The other common anti-virus approach isn’t very effective for mobile devices, either. In this approach, anti-virus software monitors computer software as it executes, looking for signs of bad behavior. Because it’s robust to minor changes of code, the “behavioral detection” approach makes it more difficult for malware writers to make simple recompilations that allow malware to slip below the radar. But on smartphones, this approach doesn’t work well.
Smartphones can’t monitor everything going on as computers can, because that requires a lot of computational resources … which devours battery life.
We Need New Models for Dealing with Mobile Malware
So what does work? These are some of the approaches security researchers have come up with.
Monitor traffic on the network.
Carriers and ISPs can detect when smartphones make connections to “known bad” locations, like Lookout does. This works when a phone is infected by malware that connects to a command-and-control location from which the malware writer coordinates the attack. Similarly, any infected device that starts making an abnormal number of connections to quickly spread the infection can be detected simply based on its anomalous behavior. Network-based traffic analysis doesn’t require updating and doesn’t consume battery resources, yet it makes it harder for malware writers to check against detection. (But beware: malware writers can avoid detection by dynamically changing the command and control locations, obfuscating attachments, and spreading using Wi-Fi and Bluetooth connections.)
Bake control into the handsets.
Another alternative is to increase control on handsets over what code can be run. This can be done using special-purpose hardware, such as Intel’s TXT initiative or ARM’s TrustZone technology. While this approach doesn’t prevent infection per se, it can be used to isolate sensitive routines so that malware cannot modify them. Since each such routine must be certified (though it’s not bulletproof), the attack surface is shrunk considerably.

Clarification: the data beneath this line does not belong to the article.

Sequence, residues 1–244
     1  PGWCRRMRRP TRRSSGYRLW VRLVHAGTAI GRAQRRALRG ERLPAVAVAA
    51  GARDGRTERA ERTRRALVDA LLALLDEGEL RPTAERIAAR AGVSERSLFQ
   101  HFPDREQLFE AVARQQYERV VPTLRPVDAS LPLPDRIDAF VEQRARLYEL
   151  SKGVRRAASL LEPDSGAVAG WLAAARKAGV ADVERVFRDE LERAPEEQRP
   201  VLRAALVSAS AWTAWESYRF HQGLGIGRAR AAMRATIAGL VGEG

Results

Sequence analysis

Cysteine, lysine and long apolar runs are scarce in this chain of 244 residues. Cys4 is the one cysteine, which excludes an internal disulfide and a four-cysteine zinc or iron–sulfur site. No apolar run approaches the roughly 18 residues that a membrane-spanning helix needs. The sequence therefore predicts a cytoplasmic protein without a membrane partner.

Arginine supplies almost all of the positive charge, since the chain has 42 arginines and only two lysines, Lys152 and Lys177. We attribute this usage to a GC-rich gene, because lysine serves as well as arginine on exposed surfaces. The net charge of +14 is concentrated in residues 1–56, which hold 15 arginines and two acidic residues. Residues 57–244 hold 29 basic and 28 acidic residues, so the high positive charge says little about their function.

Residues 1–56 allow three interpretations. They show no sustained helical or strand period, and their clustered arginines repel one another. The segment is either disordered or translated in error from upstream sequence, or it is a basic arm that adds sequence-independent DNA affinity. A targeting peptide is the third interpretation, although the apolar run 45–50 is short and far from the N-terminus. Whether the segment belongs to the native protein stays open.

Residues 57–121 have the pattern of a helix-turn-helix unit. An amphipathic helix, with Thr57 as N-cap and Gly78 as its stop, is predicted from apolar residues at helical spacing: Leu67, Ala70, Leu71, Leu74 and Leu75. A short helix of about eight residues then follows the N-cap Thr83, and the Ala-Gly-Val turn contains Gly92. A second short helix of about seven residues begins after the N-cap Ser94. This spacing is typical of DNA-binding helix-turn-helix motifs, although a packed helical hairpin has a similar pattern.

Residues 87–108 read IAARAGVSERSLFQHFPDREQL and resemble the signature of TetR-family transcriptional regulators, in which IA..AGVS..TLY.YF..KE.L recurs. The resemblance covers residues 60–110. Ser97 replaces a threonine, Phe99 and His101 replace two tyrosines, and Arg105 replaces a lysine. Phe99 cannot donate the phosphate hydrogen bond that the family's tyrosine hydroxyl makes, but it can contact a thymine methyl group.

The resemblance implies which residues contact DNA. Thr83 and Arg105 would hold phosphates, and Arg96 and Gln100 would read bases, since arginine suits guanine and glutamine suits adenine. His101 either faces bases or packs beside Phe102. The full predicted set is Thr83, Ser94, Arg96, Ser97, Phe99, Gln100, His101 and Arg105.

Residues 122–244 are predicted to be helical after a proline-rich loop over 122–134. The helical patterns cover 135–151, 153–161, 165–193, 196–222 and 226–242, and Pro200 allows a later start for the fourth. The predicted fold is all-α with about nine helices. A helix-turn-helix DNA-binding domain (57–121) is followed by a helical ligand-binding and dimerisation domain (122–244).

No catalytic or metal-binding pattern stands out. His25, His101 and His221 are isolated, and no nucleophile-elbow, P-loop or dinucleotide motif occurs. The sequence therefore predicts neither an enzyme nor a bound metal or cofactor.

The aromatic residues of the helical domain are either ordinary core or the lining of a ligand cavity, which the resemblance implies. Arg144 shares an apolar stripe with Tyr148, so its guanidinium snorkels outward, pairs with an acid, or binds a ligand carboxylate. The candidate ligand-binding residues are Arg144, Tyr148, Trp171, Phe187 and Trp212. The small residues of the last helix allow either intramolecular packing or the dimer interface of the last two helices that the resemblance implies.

This approach is ideal because control becomes aligned with liability … and the end user can relax.
Detect malware through device physics.
Still another alternative is to use “software-based attestation techniques.” These techniques determine whether a given device is infected or not by running very short (but very computationally intensive) tasks on the target device and determining how long the computation takes. This approach relies on understanding the physical limitations of target devices: How fast are their processors? How much RAM do they have? How many cores? And therefore: How long should a given process take to execute if there’s no other process running? Knowing this and knowing what the slowdown would be if there were any active malware is how these techniques detect infections. It doesn’t matter what kind of malware it is, which is wonderful news to anybody worrying about zero-day attacks.
If the infected-or-not determination is made by approved external entities – such as one’s bank or employer – they can verify devices are safe before letting users log in.
This approach is ideal because control becomes aligned with liability … and the end user can relax. Which is just as it should be.